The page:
It seems to me relatively clear, from the very fact that the lease was granted in this unusual form at a time when the Stone Business Park was largely undeveloped, that the landlord wished to achieve, on a review, a rent that was on a par with the rents obtainable in comparable business parks in Tamworth and Minworth which were then established trading centres. This seems to me a perfectly intelligible trading objective, even though it has the effect (unless and until Stone becomes as successful as those other centres) of requiring the tenant to pay a higher than market rent...there are therefore express words in this case that require the arbitrator to make a departure both from reality and from normal valuation practice... [but]...that formula seems to me to be perfectly workable even if it does require the tenant to pay more in rent than the actual market in Stone can justify at the time... [and]...I will...make a declaration accordingly.
Business Tenancies: Notices: Landlord and Tenant Act 1954
Pennycook v. Shuns (EAL) Ltd.  EWHC 2769 (Ch); 45 EG 176
An interesting question is raised by this case, and one on which, so far as one may judge from the law report, there is a surprising paucity of authority. The premises comprised a barbers' shop with accommodation over, and were occupied by the tenant under the terms of a 10 year lease running from 25 March 1989. On 8 November 2001, the landlord served a s. 25 notice on the tenant to terminate the existing tenancy, and of course requiring among other things that the tenant indicate whether or not he was willing to give up possession. The tenant instructed solicitors that he wished to negotiate for the grant of a new lease, and the solicitors instructed surveyors accordingly; they also served a counter-notice on the landlords, as required by s.29 of the 1954 Act: unfortunately, it apparently stated in error that the tenant would be willing to give up possession of the demised premises on the date specified in the landlord's s.25 notice. When this unfortunate error was noticed by the tenant's surveyor, he informed the tenant's solicitor, who promptly (and still within the 2 month deadline prescribed by the 1954 Act) served a further notice on the landlord stating that the tenant was unwilling to give up possession.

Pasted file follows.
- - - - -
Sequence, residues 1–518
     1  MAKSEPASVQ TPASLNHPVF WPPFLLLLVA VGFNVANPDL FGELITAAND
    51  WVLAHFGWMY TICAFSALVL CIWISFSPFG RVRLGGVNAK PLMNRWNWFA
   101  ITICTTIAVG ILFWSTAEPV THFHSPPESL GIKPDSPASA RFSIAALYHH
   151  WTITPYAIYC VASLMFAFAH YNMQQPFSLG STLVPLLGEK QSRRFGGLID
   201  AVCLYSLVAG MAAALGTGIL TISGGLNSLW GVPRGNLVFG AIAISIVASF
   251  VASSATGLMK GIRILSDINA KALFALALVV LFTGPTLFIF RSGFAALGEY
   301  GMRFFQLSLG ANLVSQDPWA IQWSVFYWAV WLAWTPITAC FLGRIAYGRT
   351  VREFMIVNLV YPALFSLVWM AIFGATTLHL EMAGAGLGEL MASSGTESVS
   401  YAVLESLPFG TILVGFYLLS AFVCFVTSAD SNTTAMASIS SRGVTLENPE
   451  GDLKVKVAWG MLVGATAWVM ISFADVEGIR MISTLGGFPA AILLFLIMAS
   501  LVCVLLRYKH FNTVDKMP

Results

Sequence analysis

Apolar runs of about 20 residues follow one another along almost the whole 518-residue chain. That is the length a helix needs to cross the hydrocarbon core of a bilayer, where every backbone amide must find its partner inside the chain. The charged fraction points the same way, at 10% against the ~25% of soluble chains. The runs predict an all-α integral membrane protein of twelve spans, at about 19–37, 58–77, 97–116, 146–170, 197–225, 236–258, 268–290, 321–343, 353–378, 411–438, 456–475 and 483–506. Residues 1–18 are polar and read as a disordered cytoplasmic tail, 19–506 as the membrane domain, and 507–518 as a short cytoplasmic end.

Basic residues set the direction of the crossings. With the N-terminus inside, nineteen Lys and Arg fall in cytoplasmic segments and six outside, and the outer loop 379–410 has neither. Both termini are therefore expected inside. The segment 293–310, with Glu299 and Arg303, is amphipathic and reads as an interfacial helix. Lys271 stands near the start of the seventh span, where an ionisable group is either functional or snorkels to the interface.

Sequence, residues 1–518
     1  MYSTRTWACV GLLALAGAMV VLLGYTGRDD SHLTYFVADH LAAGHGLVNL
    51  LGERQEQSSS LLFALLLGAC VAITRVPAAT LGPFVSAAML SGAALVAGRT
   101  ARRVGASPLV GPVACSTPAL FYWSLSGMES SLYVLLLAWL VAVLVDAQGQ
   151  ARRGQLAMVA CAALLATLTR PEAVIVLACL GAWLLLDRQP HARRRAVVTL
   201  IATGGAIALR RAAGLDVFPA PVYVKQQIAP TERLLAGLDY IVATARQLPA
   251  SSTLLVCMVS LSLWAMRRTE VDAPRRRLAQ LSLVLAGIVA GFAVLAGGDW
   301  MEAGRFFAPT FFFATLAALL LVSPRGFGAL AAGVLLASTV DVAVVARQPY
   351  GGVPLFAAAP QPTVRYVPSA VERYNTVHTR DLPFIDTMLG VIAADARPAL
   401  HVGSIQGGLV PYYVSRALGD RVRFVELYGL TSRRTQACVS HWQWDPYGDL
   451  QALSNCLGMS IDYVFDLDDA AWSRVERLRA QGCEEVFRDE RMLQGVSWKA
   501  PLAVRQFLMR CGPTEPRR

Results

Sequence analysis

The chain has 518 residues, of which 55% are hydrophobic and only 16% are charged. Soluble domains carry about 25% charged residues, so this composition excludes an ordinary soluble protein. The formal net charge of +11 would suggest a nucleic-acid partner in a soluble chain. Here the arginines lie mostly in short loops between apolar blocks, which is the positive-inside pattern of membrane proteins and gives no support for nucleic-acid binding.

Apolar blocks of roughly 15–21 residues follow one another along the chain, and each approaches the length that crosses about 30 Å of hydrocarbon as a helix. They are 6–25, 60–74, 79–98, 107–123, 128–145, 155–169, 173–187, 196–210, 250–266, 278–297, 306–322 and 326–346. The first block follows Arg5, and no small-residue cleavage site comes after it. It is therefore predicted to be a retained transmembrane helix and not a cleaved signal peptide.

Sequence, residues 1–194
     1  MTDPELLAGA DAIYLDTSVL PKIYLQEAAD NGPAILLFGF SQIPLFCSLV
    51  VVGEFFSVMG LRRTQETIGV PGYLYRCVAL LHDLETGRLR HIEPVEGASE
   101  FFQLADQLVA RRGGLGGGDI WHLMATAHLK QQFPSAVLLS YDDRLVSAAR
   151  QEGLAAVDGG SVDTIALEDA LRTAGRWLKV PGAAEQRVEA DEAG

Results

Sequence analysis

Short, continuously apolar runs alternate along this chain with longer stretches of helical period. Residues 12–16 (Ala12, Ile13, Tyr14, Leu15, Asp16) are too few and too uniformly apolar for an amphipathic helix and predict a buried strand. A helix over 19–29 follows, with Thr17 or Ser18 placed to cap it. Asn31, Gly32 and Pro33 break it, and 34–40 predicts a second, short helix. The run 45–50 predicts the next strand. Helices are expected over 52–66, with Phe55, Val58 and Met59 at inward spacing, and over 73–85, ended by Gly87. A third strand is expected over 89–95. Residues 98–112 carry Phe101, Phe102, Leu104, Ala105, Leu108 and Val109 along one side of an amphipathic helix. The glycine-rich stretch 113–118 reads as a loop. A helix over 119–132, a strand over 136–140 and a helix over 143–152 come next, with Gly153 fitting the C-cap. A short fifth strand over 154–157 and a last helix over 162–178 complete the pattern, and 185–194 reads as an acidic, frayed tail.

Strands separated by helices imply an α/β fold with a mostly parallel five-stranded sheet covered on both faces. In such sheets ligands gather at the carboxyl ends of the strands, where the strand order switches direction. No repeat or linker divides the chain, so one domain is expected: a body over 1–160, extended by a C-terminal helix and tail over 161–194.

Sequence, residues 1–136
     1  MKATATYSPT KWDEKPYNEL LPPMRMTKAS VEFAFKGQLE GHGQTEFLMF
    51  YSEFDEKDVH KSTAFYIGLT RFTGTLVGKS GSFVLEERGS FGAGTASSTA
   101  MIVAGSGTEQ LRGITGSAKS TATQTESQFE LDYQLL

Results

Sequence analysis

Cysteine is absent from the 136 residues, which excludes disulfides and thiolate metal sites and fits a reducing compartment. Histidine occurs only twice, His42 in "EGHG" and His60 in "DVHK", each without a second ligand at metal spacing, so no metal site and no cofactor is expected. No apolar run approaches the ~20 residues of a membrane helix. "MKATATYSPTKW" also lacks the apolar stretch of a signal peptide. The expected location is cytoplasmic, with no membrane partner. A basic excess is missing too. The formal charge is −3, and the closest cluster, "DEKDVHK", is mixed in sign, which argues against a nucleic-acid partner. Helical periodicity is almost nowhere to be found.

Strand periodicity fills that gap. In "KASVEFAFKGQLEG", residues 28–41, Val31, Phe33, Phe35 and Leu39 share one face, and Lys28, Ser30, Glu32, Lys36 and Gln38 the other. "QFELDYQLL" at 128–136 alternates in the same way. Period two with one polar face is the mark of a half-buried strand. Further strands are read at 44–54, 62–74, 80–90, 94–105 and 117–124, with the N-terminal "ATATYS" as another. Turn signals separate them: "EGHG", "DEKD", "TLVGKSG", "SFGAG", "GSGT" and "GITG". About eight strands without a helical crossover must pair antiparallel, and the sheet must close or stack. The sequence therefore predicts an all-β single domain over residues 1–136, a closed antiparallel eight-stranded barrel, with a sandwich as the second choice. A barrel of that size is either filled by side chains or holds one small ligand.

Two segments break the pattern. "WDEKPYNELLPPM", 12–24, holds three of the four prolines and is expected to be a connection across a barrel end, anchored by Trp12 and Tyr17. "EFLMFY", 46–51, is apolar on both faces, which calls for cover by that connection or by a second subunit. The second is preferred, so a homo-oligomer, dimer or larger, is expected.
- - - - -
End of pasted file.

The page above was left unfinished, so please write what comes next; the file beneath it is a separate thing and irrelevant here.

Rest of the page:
The question, of course, for the court, was whether or not the second correct notice was a valid notice for the purposes of the 1954 Act. The judge, whilst accepting that there might exist cases where it would not be right to allow the tenant to serve a second notice effectively over-riding or revoking the first, came to the conclusion that in this case it was acceptable and that the second notice was a valid notice for the purposes of the 1954 Act. Accordingly, the tenant's appeal against the decision of the county court judge, striking out his application for a new tenancy, was successful.
Goldstein v. Levy Gee (a firm) The Times 16 July 2003 ChD.
The question for the court to answer in this case was whether a valuer should be judged negligent if, despite incompetent errors in the method by which a valuation figure was reached, the end figure nevertheless falls within the “margin of error”.
The claimant argued that where the incompetent error in the reasoning made a difference to the final figure then that difference amounted to a recoverable loss even though the final figure fell within a bracket which could have been reached by a competent valuer using a competent method of reasoning.